Dear Ali

The *leave-one-out* (LOO) error \varepsilon_{LOO} is an estimate of the mean-square error between the original model \mathcal M and the surrogate model \hat{\mathcal M}, that is \varepsilon = \mathbb{E} \left[ \left( {\mathcal M}(\boldsymbol{x}) - \hat{\mathcal M}(\boldsymbol{x})\right)^2\right]. As such, it is an average over the parameters input domain.

When the surrogate is used for uncertainty quantification, i.e. when the input is considered as a random vector \boldsymbol{X} with probability density function f_{\boldsymbol{X} }, and when moments or sensitivity indices of the output are of interest, then good results may be obtained with a rather large LOO error.

Based on my experience I consider that \varepsilon_{LOO} =\le 10^{-2} is sufficient for this purpose, especially to compute Sobol’ sensitivity indices. This is especially true when using a polynomial chaos expansion (PCE) for sensitivity analysis (See the UQLab user manual on sensitivity analysis, Section 1.5.3). I even have examples where the screening of important parameters, leading to 2-digit accurate Sobol indices, is obtained with a PCE of (rather limited) accuracy \varepsilon_{LOO} \approx 0.05 - 0.1.

However, the above mean square error does not guarantee that, for any \boldsymbol x_0 in your input space, the pointwise error \left| {\mathcal M}(\boldsymbol{x_0}) - \hat{\mathcal M}(\boldsymbol{x_0})\right| is as small as \varepsilon. Although the mean-square and maximum pointwise error are somehow linked, there is no general results. If you want to properly estimate this maximal error, you need an independent validation set (what we tend to avoid in surrogate modelling, as each point usually results from a costly simulation). Getting a LOO error smaller than 10^{-4} is in general good enough to have pointwise errors less than 1%, *but this is highly problem-dependent !*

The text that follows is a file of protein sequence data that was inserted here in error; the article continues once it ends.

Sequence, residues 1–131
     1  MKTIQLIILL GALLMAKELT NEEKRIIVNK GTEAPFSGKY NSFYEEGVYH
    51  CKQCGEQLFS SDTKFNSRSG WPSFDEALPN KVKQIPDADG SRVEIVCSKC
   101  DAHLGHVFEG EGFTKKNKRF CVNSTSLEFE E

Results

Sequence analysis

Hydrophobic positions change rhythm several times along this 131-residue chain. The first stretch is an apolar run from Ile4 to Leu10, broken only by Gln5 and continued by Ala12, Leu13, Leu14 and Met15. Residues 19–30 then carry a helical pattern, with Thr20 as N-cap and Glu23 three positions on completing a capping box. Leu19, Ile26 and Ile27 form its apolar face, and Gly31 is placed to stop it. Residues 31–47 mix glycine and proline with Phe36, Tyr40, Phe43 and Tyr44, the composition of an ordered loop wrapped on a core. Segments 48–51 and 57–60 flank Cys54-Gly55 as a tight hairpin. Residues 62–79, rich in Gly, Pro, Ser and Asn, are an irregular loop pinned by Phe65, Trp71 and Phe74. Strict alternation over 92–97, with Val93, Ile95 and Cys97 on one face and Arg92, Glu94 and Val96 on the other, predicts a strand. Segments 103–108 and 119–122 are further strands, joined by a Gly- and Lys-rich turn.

**As a conclusion:** yes, the LOO error is a good estimator of the quality of your surrogate, and the thresholds mentioned above can serve as guidelines. Our experience in structural mechanics is that the finite element models are usually rather smooth functions of the input parameters (e.g. they depend strictly linearly on the load parameters in the case of elastic analysis !) so that the threshold mentioned above are often easily achieved.

If you have a reasonable number of input parameters (say d=5-30), using an LHS experimental design (ED) of size N = 10 \times d\; is a good starting point. You can always enrich your experimental design later on (see the UQLab commands `uq_enrichLHS`

or `uq_lhsify`

if the accuracy of the surrogate obtained with this first ED is not sufficient.

Best regards

Bruno